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freud

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The freud library provides users the ability to analyze molecular dynamics and Monte Carlo simulation trajectories for advanced metrics such as the radial distribution function and various order parameters. Its modules work with and return NumPy arrays, and are able to process both 2D and 3D data. Features in freud include computing the radial distribution function, local density, hexagonal order parameter and local bond order parameters, potentials of mean force and torque (PMFTs), Voronoi tessellations, and more.

When using freud to process data for publication, please use this citation.

Mailing List

If you have a question, please consider posting to the freud-users mailing list.

Examples

Example Jupyter notebooks can be found in a separate repository. These notebooks may be launched interactively on Binder or downloaded and run on your own system.

Installing freud

Official binaries of freud are available via conda through conda-forge. To install freud, first download and install miniconda following conda's instructions. Then install freud:

$ conda install -c conda-forge freud

Compiling freud

Building freud from source follows the typical setuptools pattern for Python packages:

git clone --recurse-submodules https://bitbucket.org/glotzer/freud.git
cd freud
python setup.py install

By default, freud installs to the USER_SITE directory, which is in ~/.local on Linux and in ~/Library on macOS. USER_SITE is on the Python search path by default, so there is no need to modify PYTHONPATH.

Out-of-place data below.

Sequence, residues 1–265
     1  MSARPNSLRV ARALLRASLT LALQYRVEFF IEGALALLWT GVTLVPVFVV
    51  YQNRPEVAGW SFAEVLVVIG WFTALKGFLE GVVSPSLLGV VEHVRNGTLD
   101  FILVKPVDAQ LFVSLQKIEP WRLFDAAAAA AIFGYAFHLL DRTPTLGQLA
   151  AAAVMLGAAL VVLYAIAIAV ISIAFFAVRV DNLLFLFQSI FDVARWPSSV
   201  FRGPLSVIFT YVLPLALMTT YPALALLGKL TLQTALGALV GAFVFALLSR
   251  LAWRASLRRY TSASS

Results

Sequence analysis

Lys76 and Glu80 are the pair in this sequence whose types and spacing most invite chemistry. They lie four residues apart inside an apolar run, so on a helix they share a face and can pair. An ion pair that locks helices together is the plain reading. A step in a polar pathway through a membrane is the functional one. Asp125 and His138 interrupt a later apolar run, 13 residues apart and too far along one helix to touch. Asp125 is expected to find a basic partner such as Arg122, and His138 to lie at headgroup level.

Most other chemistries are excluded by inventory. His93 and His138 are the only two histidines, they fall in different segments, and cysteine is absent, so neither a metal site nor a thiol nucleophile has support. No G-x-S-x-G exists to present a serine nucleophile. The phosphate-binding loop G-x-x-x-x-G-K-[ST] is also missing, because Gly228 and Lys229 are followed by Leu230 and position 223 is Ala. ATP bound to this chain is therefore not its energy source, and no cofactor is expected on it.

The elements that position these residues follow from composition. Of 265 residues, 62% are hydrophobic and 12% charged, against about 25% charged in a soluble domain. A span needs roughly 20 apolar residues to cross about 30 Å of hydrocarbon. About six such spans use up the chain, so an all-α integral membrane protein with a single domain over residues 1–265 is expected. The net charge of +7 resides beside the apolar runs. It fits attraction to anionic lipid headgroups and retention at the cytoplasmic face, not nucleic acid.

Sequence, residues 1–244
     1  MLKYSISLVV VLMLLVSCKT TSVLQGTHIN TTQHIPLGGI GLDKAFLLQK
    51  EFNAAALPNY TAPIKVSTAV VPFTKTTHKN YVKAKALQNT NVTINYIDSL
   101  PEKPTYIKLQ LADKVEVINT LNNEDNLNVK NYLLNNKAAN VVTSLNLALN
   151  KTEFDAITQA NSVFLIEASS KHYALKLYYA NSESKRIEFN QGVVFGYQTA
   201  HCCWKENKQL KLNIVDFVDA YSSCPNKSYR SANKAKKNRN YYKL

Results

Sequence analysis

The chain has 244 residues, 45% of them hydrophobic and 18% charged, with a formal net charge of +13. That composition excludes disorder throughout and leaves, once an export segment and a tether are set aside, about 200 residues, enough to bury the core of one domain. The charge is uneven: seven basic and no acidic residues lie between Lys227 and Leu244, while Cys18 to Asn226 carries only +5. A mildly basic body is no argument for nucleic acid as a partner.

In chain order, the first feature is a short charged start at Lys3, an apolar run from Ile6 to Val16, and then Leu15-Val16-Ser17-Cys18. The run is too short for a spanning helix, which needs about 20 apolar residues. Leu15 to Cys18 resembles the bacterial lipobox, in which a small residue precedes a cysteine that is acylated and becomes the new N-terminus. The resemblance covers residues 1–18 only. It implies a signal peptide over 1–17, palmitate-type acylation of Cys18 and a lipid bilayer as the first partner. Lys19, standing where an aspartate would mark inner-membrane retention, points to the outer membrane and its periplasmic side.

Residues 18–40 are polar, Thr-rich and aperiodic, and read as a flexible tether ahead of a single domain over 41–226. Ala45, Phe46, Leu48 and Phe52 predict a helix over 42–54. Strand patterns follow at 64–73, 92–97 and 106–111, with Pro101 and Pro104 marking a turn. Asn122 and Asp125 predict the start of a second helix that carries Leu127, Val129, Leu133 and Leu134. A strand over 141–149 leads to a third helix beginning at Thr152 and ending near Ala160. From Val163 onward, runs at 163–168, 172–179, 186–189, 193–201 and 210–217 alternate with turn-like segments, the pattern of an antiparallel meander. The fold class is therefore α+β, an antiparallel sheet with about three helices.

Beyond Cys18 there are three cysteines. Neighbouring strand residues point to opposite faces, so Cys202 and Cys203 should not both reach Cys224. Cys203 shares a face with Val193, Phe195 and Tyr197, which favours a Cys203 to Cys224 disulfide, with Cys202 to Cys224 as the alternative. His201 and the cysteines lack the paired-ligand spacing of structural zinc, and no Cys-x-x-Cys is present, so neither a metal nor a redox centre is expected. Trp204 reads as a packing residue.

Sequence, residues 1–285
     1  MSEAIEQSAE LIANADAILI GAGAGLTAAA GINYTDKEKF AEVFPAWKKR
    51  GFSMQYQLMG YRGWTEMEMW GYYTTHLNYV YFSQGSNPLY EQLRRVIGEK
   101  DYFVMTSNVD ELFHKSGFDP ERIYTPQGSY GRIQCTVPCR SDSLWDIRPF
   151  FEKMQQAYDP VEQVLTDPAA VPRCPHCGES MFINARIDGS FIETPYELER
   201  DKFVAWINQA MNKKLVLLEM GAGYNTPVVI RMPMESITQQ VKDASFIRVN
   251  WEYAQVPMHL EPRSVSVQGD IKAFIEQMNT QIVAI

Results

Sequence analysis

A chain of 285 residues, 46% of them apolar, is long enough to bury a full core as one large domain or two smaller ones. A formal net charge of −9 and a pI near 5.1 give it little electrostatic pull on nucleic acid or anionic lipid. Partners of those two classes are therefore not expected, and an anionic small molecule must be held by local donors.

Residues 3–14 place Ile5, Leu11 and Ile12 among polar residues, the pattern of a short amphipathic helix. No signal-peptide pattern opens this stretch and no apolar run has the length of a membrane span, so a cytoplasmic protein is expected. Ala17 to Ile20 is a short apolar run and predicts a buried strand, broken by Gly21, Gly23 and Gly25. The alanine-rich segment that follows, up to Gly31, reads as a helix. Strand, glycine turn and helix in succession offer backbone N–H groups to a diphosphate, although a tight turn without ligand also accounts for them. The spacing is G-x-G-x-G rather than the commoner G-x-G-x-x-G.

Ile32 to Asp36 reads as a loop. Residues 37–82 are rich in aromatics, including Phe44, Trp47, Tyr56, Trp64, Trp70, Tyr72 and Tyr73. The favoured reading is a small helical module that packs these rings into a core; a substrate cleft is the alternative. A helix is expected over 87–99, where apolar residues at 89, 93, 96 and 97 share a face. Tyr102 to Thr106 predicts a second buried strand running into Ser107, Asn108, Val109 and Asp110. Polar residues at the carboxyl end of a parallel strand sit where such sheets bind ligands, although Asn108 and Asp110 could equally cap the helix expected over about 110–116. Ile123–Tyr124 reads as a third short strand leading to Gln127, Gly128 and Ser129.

If you want to test freud without installing it for your system, you can instead build it in place.

python setup.py build_ext --inplace

For more detailed instructions, see the documentation.

Note

The freud library makes use of submodules. If you would like to update submodules yourself, please execute the following command after cloning:

git submodule update --init

Requirements

  • Required:
    • Python >= 2.7 (3.5+ recommended)
    • NumPy >= 1.7
    • C++11 capable compiler (tested with gcc >= 4.8.5, clang 3.5)
    • Intel Threading Building Blocks
  • Optional:
    • Cython >= 0.23 (to compile your own _freud.cpp)

Job scripts

The freud library is called using Python scripts.

Here is a simple example.

import freud

# create a freud compute object (rdf is the canonical example)
rdf = freud.density.rdf(rmax=5, dr=0.1)
# load in your data (freud does not provide a data reader)
box_data = np.load("path/to/box_data.npy")
pos_data = np.load("path/to/pos_data.npy")

# create freud box
box = freud.box.Box(Lx=box_data[0]["Lx"], Ly=box_data[0]["Ly"], is2D=True)
# compute RDF
rdf.compute(box, pos_data[0], pos_data[0])
# get bin centers, rdf data
r = rdf.getR()
y = rdf.getRDF()

Documentation

The documentation is available online at https://freud.readthedocs.io.

To build the documentation yourself, please install sphinx:

conda install sphinx

OR

pip install sphinx

To view the full documentation run the following commands in the source directory:

# Linux
cd doc
make html
xdg-open build/html/index.html

# Mac
cd doc
make html
open build/html/index.html

If you have latex and/or pdflatex, you may also build a pdf of the documentation:

# Linux
cd doc
make latexpdf
xdg-open build/latex/freud.pdf

# Mac
cd doc
make latexpdf
open build/latex/freud.pdf

Unit Tests

The unit tests for freud use the Python unittest framework:

# Run tests from the tests directory
cd tests
python -m unittest discover .